“Ok,” I said, “tell me why this wouldn’t work.”
John, God bless the man, was standing in my chicken coop with an ice breaker, chipping away at the mass of chicken shit and ice that was preventing the coop door from closing.
He looked over before replying.
“Tell you why what wouldn’t work…?”
“What if, instead of creating a horse stall in the center aisle, we bed it down, close the aisle off on one end, and let all the llamas in there. Then we could give the llama stall to four of the horses.”
The Polar Vortex was approaching with anticipated -55 degree wind chills (thank God for 10 day forecasts), and I had been racking my brain for the best way to shut all of the animals inside the main barn and out of the elements. This was my third or fourth proposal and the one that I believed had the most potential.
“What about the hay you stored at the end of the aisle?” he asked.
“Let them eat hay!” I replied.
I spent three days getting myself and the barn (and my house, and the guesthouse) ready for the onslaught of cold. Last Monday evening, I moved the llamas, shut in the ponies, battened down the chicken coop, bribed the cats to stay in the tack room, and brought in only partially willing horses. (You know what isn’t much fun? Trying to catch an off-the-track thoroughbred race horse in the dark, through a foot and a half of snow, who has no interest in being caught.)
I fed extra hay. I triple checked stall locks. I prepped, and prepped, and prepped, but as I turned off the barn lights that first night, and the weather closed in, I still wondered how the next few days would play out.
Those who know me in real life know that I have some issues with control. I plan. I research. I try to micromanage my life and create something that I can exert my will upon. I want there to be reasons for things, and I want to know all of those reasons. (And, frankly, I want to be able to argue with those reasons if I disagree with them.)
I struggle with both anxiety and depression (the uppers and downers of mental health). Neither condition is debilitating for me; I have relatively mild doses of each, and it’s uncommon for the depression to get so bad that I don’t want to get out of bed or for the anxiety to get so bad that it feels like my skin is crawling and that I want to scream, but they still exist as realities in my life. (Side note, did you know that “The Scream” by Edvard Munch likely depicted the artist’s panic attack? I used to not get the painting, but now, I FEEL it.) Sometimes I think they combine and create an unnatural need to control my environment under the false belief that if I control things enough I can keep bad things from happening.
…It’s a thought.
I could hear the wind howling as I laid in bed Monday night. It cuts off of the river in the winter, straight up the hills and across the ranch, bringing a stinging, icy chill. I laid in bed, trying to reassure myself that I had done everything I could, that the weather would come regardless, and that what happened from here was beyond my control.
My anxiety whispered in my ear that night as I tried to sleep, creating a parade of imaginary problems that marched in front of me one by one.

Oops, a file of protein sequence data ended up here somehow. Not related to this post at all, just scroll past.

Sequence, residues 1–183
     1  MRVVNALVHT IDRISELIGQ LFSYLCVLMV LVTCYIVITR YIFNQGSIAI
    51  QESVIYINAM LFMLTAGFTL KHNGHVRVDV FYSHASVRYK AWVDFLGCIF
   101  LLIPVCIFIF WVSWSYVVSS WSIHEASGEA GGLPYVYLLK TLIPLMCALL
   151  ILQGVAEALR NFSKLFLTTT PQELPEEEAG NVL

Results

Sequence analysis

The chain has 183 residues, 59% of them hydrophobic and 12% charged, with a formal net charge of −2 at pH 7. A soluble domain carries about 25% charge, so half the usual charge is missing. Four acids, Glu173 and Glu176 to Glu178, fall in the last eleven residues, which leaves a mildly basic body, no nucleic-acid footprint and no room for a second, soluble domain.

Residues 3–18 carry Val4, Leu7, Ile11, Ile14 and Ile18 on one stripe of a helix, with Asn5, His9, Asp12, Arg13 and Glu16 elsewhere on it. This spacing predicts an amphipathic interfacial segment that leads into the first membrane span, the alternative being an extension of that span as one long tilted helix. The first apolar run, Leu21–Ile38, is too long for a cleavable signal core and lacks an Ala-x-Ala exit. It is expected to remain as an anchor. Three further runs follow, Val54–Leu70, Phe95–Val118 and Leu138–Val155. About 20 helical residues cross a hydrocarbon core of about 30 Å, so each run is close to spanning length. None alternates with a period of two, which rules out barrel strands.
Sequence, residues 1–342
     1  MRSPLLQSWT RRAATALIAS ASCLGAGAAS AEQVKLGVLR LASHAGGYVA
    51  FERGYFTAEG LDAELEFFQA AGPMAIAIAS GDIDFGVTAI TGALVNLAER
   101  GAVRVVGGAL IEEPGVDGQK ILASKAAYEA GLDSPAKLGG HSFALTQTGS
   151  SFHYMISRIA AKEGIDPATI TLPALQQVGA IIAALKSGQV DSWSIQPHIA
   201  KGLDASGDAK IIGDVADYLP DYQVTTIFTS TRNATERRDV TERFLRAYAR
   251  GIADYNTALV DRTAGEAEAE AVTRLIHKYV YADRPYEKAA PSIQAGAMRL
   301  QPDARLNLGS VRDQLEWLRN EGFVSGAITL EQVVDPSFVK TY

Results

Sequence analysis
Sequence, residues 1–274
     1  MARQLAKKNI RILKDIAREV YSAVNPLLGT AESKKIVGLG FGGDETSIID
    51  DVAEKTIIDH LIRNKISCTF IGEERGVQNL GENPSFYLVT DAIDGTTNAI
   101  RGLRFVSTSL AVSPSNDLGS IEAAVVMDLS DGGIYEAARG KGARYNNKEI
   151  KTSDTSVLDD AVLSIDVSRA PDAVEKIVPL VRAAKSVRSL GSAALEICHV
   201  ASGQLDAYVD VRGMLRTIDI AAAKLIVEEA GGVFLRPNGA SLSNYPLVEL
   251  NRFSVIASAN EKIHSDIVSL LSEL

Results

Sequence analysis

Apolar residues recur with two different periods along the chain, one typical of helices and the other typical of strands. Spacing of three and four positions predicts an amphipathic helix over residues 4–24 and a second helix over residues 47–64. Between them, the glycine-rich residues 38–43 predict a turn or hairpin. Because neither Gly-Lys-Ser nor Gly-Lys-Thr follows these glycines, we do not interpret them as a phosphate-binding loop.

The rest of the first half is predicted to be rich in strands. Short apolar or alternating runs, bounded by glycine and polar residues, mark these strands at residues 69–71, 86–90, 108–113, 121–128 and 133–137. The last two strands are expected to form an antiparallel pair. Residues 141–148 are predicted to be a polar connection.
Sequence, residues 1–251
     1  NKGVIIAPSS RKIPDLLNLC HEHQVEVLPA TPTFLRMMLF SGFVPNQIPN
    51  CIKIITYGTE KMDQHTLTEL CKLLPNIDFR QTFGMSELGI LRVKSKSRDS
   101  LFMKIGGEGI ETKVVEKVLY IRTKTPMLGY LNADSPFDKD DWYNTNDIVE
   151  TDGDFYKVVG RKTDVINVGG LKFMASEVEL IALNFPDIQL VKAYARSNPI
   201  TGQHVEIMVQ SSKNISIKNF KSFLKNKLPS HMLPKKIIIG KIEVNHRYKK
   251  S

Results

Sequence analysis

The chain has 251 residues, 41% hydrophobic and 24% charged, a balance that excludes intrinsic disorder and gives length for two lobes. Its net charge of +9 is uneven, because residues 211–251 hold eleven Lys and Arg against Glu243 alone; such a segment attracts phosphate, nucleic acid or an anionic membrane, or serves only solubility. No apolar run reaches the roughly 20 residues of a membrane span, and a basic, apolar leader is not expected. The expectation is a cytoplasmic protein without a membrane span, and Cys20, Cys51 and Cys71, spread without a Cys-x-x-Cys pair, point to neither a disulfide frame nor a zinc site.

“What if all the water lines freeze?”
“What if one of the animals freeze?”
“What if one of the animals gets sick?”
“What if one of the gates get unlocked?”
“What if one of the critters die?”
“WHAT IF ALL THE CRITTERS DIE???”
“WHAT IF I SLIP ON THE ICE ON THE WAY TO THE BARN, AND I HIT MY HEAD, AND I FREEZE AND DIE???”
“What if absolutely everything I’m worried about right now is beyond my control? What if I can’t do a damn thing about it? What if I try to get some sleep?”
The next morning, with straight temps hovering around -20, I made my way back out to the barn. The llamas had obviously had a party in their center stall, and enjoyed the access that living in the center of the barn gave them to my goings on. They constantly pushed the not-quite-shut feed-room door open to check on me while I was in there.
About half of my autowaterers had frozen up, and I spent half the morning hanging and filling water buckets to replace them. But everyone was mostly ok. We spent the next few days doing mostly ok. Mostly ok, but bored. Mostly ok, but stir crazy. Mostly ok, but chilled. Mostly ok with deathly cold just on the other side of the barn door didn’t seem so bad.
Last week, I reopened the barn to the combined rejoicing of everyone who had been shut inside. Two days ago, I found one of my chickens dead in the coop. My vet supposed her to be a victim of the cold. A delayed victim, but a victim nonetheless.
“Her body probably couldn’t recover from the shock,” she told me when I mentioned my one casualty.
I cradled the hen’s dead body in one arm and hiked out into the woods a ways. That’s what I do with them; it’s become a weird ritual for me. I laid her behind a tree, far enough away from my barn that she won’t draw attention to my living birds, and I said a quick thank you; my hens do a job for me that I like to acknowledge.
Something–a raccoon or bobcat or coyote–will take her body and eat it. Nothing will be wasted.
Livestock teach you to take 100% responsibility, while acknowledging your complete lack of control. It’s a hard lesson, this realization that all the planning in the world can’t guarantee an outcome, the realization that the world spins on in its own way regardless of our intentions for it.
It’s also lovely, because sometimes acknowledging your smallness reminds you to settle into it and let go of your illusion of control.
When the cold comes, you do the best you can and let go of the rest. Settle in, and know that warmer air is on its way.